Bali: Going (Not) Green

Let's eat! Magazine April 2015
This is my interview with Ibu Ni Luh Kartini for Let's eat! Magazine April 2015 edition. I consider this as one of the most important interview in my career as a writer since it tells the achingly true story about the agriculture condition of Bali. Read the full interview below.



Dr. Ir. Ni Luh Kartini, M.S
Founder of Bali Organic Association (BOA)
Born in the North of Bali on 1960, Kartini spent her youth in the green and lush rice fields of Bali when the word ‘organic’ was not just a term but the only way of life. The same Bali is now in a dire condition, exhausted and toxic after 40 years of continuous usage of chemical fertilizers on its land. We got the honour to chat with this formidable lady on the current condition of the island, the wisdom of worms as well as what we can do to restore the balance.

How is Bali doing now? How does it cope with massive land conversion and rising population?
I am afraid that Bali is not doing too well. Our land are in a bad condition after the onslaught of  pesticide, no resting time in between crops, land conversion that destroys our water irrigation system, the list goes on. We are threatened by water crisis; three of our lakes are polluted while our rivers and ocean are swarmed with rubbish. We are in an environmental crisis. It deeply saddens me that our local wisdom, created by our wise ancestors and embedded in our religion and philosophy are not strong enough to ward off the destruction that is happening now. 

What will happen to Bali when this destruction continues?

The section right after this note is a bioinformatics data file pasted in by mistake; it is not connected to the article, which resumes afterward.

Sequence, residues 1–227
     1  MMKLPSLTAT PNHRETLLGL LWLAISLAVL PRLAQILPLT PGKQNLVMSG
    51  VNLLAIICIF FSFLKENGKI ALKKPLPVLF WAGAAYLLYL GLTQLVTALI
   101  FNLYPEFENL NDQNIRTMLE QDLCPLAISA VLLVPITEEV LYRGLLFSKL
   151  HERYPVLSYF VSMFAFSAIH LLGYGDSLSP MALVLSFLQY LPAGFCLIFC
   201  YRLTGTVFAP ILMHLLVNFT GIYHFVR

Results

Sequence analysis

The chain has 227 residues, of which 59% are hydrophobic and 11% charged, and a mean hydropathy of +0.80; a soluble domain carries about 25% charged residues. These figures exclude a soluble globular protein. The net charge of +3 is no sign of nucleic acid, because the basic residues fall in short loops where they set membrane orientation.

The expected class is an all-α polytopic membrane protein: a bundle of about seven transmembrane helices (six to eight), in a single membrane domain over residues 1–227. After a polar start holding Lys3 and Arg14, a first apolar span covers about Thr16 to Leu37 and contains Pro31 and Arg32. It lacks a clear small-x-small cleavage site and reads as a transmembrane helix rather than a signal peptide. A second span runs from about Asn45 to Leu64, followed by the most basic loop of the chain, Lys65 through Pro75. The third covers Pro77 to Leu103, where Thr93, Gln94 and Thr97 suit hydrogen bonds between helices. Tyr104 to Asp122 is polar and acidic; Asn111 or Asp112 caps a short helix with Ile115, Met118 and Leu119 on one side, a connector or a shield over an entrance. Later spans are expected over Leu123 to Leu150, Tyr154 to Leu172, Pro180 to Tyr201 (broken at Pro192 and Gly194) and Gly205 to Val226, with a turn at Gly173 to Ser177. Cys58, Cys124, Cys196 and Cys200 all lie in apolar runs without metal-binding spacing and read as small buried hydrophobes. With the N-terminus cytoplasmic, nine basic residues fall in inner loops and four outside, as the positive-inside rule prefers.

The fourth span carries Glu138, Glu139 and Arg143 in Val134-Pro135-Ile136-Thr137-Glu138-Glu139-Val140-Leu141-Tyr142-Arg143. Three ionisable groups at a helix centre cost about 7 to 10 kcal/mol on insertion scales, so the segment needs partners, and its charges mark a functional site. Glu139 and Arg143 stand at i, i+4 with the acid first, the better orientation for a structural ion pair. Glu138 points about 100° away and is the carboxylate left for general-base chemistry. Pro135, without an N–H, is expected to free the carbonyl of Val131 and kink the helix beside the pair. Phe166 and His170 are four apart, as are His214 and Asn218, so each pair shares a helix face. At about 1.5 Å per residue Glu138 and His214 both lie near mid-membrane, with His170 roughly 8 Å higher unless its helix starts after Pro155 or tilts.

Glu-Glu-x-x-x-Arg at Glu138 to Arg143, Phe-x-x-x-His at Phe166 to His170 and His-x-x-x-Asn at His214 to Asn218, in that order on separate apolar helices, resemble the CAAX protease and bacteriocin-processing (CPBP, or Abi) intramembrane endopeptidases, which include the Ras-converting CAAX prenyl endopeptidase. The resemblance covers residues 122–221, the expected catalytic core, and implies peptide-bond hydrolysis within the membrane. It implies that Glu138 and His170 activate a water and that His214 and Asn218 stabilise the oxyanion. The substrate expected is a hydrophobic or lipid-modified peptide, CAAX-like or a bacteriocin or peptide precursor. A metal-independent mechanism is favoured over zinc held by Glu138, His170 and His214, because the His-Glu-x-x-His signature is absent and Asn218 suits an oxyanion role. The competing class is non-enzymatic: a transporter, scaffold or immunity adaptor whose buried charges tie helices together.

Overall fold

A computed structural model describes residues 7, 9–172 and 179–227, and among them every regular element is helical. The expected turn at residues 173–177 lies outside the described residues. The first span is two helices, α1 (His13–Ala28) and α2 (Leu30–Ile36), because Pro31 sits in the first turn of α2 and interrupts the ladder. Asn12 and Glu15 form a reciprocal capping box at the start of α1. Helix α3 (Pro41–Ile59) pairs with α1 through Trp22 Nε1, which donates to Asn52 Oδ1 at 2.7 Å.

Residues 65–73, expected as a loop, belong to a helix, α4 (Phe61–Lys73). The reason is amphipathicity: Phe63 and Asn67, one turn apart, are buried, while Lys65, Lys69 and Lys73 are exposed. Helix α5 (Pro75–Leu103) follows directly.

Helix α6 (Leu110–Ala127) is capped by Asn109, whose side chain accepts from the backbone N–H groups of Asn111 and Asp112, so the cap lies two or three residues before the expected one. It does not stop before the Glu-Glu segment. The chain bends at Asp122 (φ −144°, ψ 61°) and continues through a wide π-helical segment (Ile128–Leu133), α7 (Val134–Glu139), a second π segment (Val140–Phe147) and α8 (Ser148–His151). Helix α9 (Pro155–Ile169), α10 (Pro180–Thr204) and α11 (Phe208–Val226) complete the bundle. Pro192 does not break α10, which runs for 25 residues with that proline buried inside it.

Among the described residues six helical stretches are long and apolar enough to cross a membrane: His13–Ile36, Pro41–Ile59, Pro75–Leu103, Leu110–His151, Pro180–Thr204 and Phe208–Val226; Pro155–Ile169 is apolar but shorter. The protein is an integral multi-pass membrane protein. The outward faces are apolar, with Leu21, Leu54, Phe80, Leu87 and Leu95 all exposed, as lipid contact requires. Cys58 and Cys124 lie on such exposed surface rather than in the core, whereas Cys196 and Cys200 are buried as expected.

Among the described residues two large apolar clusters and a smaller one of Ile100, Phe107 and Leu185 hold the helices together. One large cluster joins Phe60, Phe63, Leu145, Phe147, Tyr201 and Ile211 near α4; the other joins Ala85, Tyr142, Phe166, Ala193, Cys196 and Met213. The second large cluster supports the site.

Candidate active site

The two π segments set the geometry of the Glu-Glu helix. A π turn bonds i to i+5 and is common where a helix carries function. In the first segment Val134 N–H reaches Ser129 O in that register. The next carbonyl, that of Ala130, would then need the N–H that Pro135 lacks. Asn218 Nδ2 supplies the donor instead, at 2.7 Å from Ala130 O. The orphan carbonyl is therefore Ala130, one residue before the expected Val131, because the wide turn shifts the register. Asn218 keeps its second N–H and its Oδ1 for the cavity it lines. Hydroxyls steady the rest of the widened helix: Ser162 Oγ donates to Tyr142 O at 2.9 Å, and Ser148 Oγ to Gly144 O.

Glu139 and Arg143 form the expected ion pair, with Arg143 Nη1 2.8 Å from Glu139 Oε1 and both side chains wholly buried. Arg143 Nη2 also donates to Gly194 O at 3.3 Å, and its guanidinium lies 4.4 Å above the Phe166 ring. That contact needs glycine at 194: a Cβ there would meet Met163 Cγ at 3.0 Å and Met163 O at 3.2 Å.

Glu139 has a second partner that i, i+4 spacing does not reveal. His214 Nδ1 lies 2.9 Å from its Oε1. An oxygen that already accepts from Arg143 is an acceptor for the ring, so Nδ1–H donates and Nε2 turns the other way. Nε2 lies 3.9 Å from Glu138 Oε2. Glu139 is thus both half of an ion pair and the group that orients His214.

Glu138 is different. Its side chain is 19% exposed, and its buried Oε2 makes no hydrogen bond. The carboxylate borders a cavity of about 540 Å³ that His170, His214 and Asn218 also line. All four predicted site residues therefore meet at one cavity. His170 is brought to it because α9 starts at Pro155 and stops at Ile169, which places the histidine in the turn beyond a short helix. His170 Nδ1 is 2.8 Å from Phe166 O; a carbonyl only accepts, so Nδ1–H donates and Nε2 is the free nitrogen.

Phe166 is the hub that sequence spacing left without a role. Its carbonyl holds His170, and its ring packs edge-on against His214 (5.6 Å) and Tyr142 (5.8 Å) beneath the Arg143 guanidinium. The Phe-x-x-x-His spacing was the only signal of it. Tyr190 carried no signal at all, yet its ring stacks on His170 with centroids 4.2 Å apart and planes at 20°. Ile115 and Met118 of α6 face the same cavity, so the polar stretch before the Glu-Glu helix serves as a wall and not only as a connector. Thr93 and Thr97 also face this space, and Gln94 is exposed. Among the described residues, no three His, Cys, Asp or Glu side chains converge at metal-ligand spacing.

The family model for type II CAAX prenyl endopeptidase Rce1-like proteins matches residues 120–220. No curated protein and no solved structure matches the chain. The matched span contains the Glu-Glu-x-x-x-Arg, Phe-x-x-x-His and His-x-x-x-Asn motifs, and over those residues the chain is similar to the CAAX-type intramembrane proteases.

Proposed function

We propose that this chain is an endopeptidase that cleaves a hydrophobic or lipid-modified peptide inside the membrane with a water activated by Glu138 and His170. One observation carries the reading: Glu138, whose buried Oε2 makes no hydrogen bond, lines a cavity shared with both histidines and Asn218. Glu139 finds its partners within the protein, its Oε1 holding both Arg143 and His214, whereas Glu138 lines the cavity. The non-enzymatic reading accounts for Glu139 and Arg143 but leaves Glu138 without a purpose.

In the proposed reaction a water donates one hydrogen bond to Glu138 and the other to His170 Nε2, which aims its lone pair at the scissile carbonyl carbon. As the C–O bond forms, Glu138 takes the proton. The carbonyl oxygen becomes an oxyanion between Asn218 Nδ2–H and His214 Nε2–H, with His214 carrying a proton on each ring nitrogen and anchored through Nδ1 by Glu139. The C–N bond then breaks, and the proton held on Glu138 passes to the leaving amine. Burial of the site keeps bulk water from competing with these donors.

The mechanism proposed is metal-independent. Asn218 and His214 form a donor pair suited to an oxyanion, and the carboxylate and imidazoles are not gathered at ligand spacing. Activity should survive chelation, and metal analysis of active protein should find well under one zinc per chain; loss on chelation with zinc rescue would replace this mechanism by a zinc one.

Bali will not be Bali anymore. Take water, for example. On 2011, Bali’s land surface water is in deficit. One village has 1,000 boreholes. One hotel needs 50,000 litres of clean water every day. We can all do the math. In the future, we will looked back and realize that our biggest mistake is that we do not take care of our home despite the fact that our livelihood that comes from tourism is intertwined with our environment. Once we lost our taksu, that spirit of Bali, it will be hard to recover.

Let’s talk about organic farming. What does your study in worms got to do with it?
Organic farming was our culture until the Green Revolution became mandatory on 1969. I noticed that the so-called “fertilizer” killed the ducks and worms in our rice field. It was a turning point in my life. Since then, I have learnt that worms restore fertility to damaged soil. They are the sign of a healthy land and that’s why we founded BOA, to facilitate the farmers who want to return to our ancient tradition of farming, as well as assisting them during the process. 

What can we do to help our local farmers?
Know where your products come from. Actually Bali is blessed with the perfect soil and climate to grow almost everything. Land conversion must stop if we want to survive and the government must stick to the blueprint that they have created themselves. Creative program that benefit farming and the farmers will need to be created, like one hotel adopting one water irrigation or subak and use its produces.



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Hello! I’m Eve Tedja

I have been a professional writer for four years.


During that time, I have worked as a permanent contributor for Let’s eat! Magazine, Hello Bali, epicure, and published my articles in several other magazines like Venture, Panorama, Bravacasa, and Bali & Beyond.


Words, sentences, stories... these are my passion. I love to take new challenges in writing for various format and media. I create contents for websites, blogs, and communication materials. I’ve also worked as a copywriter, translator, coffee book editor, social media coordinator, media consultant, and even writing for a specialty coffee packaging.


Interior design, travel, environment, culinary, culture, history, and social issues are some of the themes that I have worked with in the past. I love getting involves with individuals, companies, organizations, and communities with stories to tell.


I am available for assignment worldwide. Reach me at eve(dot)tedja(at)gmail(dot)com.

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